From the Editor
by Wendy Vogel
Two spectacular art events were slated to take place in Houston last week. The explosion on October 6 of Cai Guo-Qiang’s gunpowder drawing Odyssey, commissioned by the Museum of Fine Arts Houston for a hefty price tag, took place with a cast of over one hundred unpaid volunteers at an exclusive reception at a Houston warehouse (a video recap of the event is chronicled here). Across town, the performative climax of Mary Ellen Carroll’s project Prototype 180 was scheduled for that Friday, October 8. Carroll’s 180-degree rotation of an unoccupied mid-century house in Sharpstown is the centerpiece of a project ten years in the making that seeks to “make architecture perform.” The house will serve as an institute related to the project, which also includes prototypes for sustainable appliances, Carroll’s active participation in civic associations about land use policy and teaching stints in Rice’s architecture program.
Due to construction delays, the house rotation is being postponed. Nonetheless, the deferral and the dialogue surrounding these two Houston projects not only illuminate some of the key issues of not only the local art constellation, but also frame the questions included in this issue of …might be good.
According to Carroll’s statement on her website, Houston “self-selected itself” for a performative architectural work due to its liberal zoning policy and free enterprise market-friendly system—not to mention a history of support for publicly-sited works, due in no small part to the de Menils’ legacy. But unlike Cai Guo-Qiang’s highly visible project, a Texas-sized 42-panel drawing depicting bucolic landscapes like those found on traditional scrolls, Carroll’s public project does not traffic in easy legibility. Whereas Cai’s public lecture at Rice University on the project sponsored by the Chao Center for Asian Studies, entitled “Asian Culture in My Art,” was an opportunity for him to perform his humility and ethnic authenticity in a way that distanced him from an outright critique of spectacle and conspicuous consumption (conveniently, it included a VIP section for museum and university trustees), Carroll’s project confronts the legacy of public art and wastefulness head-on. Her gesture of rotating a house provokes skepticism from journalists and head-scratching from a general audience, but in so doing, it productively destabilizes the dichotomy that exists in Houston between the critical (coded as visually austere and exclusionary) and the community-based (coded as visually bombastic and intellectually accessible). This project’s embeddedness also affords us the opportunity to reconsider public art, its documents and legacy in a way that is truly performative—having consequences that extend into the future.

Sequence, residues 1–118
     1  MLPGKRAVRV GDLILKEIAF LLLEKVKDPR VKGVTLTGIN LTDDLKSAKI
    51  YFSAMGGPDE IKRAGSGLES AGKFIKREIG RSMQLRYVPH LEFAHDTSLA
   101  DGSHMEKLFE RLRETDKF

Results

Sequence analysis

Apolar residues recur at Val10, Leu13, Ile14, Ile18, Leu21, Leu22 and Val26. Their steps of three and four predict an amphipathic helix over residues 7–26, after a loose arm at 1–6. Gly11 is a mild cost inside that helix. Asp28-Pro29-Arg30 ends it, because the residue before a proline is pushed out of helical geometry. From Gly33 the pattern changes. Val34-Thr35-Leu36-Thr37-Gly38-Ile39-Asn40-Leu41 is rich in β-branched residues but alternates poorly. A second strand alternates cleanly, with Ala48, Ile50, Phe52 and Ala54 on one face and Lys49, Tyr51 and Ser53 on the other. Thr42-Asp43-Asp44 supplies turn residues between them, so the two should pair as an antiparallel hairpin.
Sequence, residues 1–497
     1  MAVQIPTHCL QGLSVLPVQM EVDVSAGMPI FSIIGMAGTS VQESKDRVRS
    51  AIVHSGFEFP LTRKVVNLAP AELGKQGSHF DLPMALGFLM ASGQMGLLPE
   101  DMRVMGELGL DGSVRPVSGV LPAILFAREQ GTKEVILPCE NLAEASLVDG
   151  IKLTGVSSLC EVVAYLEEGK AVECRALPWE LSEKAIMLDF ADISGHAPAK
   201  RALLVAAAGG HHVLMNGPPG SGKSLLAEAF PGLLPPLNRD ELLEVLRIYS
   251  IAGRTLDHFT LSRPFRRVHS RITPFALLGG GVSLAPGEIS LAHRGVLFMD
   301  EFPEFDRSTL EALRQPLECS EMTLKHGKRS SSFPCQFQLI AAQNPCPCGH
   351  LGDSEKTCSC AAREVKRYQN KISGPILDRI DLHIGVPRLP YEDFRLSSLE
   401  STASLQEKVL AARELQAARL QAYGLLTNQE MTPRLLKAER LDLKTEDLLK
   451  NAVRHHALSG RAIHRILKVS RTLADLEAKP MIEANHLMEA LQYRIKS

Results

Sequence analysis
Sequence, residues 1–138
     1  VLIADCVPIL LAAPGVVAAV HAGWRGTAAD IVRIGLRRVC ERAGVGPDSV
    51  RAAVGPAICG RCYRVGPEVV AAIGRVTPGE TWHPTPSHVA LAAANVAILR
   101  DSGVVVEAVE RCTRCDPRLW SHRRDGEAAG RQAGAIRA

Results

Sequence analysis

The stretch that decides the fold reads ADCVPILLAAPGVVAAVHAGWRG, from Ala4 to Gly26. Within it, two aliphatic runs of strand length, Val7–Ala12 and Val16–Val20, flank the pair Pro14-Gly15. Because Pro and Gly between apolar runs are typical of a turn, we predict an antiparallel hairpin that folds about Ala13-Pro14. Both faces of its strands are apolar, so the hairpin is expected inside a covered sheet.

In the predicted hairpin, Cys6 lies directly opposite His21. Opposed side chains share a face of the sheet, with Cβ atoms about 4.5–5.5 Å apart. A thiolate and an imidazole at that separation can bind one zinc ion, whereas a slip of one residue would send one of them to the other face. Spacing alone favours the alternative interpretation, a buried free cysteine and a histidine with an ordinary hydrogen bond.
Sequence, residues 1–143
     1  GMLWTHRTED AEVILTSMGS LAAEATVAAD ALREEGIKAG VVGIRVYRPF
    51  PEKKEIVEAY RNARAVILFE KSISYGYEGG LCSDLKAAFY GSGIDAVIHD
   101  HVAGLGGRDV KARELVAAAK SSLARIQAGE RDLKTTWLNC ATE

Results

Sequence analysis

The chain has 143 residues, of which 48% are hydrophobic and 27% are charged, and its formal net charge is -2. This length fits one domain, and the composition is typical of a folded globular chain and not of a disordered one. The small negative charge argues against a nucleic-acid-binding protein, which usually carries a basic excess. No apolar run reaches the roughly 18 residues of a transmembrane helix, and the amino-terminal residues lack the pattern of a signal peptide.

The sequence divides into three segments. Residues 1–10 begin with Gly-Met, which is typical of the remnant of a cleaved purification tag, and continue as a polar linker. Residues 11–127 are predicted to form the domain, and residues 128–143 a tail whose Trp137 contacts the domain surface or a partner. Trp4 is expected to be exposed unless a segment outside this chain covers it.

In this issue, our writers pose questions germane to Carroll’s project surrounding materiality and conceptual legacies. Barry Stone writes about the HRC’s symposium on constructing a history around (object-based) photography; I discuss Ruth van Beek’s playful interventions in the photographic archive; and Katie Anania explores Internet materiality on the silver screen and beyond the white cube. Allison Myers considers the critical impact of Interrupted Landscapes at Champion Contemporary and its place in the Austin arts landscape. Rachel Hooper applauds Sarah Oppenheimer’s architectural installation at Rice Gallery, and Jennie Lamensdorf offers her first of three installments of “The Third Site of Land Art” in our Artist’s Space. This critical reconsideration of the state of land art monuments extends to a conversation about Prototype 180’s monumental gesture in the suburban landscape, indebted as much to Gordon Matta-Clark as the earthworks artists.
Keep this dialogue in mind and check back next week for an interview by Lauren Hamer with Anna Craycroft on her Work/Space project at the Blanton. And in two weeks, look forward to our next issue devoted to Arthouse, which reopens on October 24 with a suite of exhibitions in a spectacular new building indebted to rethinking anarchitecture.
EDITOR'S NOTE: We regret that Allison Myers' review on Interrupted Landscapes at Champion Contemporary was initially run with fact-checking errors. Sonia Dutton has worked and continues to work as a curatorial advisor for the Artist Pension Trust. The exhibition at Champion Contemporary contains a video (Ben Green's I Know Where I'm Going, 2009) and two sculptural works (Anthony Sonnenberg, Beauty is not Benign (Excerpt), 2009 and Rosario López Parra, Piedras, 2005). The corrected version can be accessed here.
Wendy Vogel is Editor of ...might be good.